Frankly speaking, claims of Spitsbergen and Greenland would be deliberately moved to the east and north-east – i.e. into the Russian sector of the Arctic Ocean. Territories to the west and north-west of these countries would go to Canada then. As a proof of probability of this scenario we may cite Jonas Gahr Støre, Norwegian Minister of Foreign Affairs. At the end of April, 2009 he said, that the shelf adjoining the Norway still has some areas in the east, which haven't been demarcated because of the disputes with Russia. Another subject of this dispute – is how to define the region around Arctic Norwegian archipelago Spitsbergen.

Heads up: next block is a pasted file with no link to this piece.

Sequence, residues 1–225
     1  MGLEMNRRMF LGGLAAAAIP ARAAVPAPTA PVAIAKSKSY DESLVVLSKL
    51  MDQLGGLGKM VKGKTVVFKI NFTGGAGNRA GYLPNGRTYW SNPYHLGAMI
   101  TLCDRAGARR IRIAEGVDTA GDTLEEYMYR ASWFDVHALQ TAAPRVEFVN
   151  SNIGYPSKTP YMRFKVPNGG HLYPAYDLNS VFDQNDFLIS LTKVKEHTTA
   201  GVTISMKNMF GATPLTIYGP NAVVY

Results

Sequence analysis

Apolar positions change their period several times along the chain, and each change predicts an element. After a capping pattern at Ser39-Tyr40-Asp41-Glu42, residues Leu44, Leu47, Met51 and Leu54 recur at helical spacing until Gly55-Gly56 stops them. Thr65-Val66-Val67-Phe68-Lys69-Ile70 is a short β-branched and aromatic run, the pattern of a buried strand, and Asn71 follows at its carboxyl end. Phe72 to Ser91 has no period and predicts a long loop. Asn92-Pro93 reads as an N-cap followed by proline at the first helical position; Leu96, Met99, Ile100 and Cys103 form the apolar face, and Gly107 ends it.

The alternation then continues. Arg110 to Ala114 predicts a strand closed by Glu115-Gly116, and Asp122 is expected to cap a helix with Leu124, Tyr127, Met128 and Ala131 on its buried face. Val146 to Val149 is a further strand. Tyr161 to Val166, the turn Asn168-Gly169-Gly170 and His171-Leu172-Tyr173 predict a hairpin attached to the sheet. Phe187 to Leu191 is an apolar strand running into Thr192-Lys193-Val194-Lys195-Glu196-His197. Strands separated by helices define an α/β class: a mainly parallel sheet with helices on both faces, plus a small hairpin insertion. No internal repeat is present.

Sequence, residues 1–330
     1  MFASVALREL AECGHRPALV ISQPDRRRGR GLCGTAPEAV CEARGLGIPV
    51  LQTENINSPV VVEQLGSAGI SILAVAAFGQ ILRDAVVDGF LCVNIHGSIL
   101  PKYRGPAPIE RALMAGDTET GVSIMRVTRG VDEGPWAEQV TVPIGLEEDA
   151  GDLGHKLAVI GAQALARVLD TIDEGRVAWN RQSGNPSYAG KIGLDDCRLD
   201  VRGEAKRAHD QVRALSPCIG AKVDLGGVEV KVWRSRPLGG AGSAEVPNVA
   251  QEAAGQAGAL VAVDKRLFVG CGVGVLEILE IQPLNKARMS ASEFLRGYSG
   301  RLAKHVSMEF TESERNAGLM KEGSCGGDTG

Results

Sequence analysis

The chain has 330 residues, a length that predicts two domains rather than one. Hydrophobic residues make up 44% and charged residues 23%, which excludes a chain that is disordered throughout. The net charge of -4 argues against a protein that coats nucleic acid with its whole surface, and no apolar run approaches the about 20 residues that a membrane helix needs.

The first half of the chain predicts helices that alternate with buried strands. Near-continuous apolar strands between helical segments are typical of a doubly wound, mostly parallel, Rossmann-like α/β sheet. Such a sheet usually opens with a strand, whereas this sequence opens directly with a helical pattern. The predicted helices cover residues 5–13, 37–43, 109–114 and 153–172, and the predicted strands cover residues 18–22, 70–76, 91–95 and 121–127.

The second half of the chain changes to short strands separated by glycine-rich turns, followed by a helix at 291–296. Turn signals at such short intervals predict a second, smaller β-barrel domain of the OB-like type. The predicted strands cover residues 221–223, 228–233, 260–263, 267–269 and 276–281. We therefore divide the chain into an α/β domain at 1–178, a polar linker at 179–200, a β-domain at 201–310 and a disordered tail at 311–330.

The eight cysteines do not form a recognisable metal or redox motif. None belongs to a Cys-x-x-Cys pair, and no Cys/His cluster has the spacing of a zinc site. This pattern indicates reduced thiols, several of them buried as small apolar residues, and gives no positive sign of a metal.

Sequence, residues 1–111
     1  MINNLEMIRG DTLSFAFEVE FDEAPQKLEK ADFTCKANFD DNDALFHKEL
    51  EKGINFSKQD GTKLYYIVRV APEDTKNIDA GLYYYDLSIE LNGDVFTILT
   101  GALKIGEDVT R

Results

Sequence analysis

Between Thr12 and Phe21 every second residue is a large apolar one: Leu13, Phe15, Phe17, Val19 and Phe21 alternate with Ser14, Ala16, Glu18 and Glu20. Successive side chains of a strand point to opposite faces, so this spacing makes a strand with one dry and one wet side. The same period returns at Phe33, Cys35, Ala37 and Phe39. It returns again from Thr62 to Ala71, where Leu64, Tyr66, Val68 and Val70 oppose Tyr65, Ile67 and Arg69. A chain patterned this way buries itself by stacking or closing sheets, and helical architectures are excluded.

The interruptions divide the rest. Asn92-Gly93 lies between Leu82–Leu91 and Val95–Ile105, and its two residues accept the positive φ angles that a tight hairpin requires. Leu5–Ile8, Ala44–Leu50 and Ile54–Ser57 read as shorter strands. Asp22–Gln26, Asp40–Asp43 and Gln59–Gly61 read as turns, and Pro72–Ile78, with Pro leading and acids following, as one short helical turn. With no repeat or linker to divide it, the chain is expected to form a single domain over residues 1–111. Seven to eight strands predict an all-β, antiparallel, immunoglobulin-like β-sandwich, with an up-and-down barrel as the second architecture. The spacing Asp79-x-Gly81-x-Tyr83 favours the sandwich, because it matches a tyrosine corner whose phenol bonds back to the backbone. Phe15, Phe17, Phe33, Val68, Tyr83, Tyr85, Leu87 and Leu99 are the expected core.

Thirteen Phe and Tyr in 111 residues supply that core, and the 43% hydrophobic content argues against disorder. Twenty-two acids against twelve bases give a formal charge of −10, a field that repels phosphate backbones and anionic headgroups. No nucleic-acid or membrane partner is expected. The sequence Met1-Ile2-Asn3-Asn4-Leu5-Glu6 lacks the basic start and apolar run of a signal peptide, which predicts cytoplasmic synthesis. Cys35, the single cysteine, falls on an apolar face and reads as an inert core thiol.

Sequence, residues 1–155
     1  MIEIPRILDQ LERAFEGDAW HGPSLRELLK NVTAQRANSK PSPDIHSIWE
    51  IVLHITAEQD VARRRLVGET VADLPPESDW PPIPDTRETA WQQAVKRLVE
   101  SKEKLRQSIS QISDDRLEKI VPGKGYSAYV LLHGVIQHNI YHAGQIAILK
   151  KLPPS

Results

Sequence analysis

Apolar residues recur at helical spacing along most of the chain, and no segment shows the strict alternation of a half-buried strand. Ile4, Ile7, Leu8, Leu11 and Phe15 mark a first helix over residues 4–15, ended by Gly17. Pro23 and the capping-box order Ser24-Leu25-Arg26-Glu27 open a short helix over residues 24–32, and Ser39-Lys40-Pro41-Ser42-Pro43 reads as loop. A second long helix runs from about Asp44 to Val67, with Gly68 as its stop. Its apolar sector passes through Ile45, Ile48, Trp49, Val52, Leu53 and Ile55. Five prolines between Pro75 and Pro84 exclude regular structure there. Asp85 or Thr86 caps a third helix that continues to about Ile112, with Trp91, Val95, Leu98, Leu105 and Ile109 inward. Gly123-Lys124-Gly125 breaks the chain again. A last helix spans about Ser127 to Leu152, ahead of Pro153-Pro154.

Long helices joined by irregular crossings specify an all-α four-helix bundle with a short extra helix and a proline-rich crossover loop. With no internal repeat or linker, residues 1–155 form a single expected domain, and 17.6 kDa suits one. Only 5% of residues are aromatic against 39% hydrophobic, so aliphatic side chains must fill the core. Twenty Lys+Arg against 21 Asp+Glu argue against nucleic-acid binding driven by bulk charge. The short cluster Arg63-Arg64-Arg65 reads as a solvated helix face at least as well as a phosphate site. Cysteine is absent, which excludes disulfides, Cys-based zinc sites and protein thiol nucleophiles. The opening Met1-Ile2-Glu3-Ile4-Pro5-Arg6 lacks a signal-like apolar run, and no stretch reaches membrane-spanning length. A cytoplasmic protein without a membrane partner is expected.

We also have to emphasize that at the end of April Norway officially renounced its claims for the North Pole, which was commented by Mr. Støre. Thus Norway "played into the hand" of the Danish-Greenland claims, promoting further worsening of the dispute between Russia and Denmark–Greenland. Not long before this, Norway came up to the agreement with Iceland and Greenland about the precise demarcation of the economic zones and territorial waters. It rules out any future Arctic disputes between these northern countries. We can't strike off the possibility that they are rallying against Russian interests in the Arctic Ocean.
CLAIMS FOR THE NORTHERN SEA ROUTE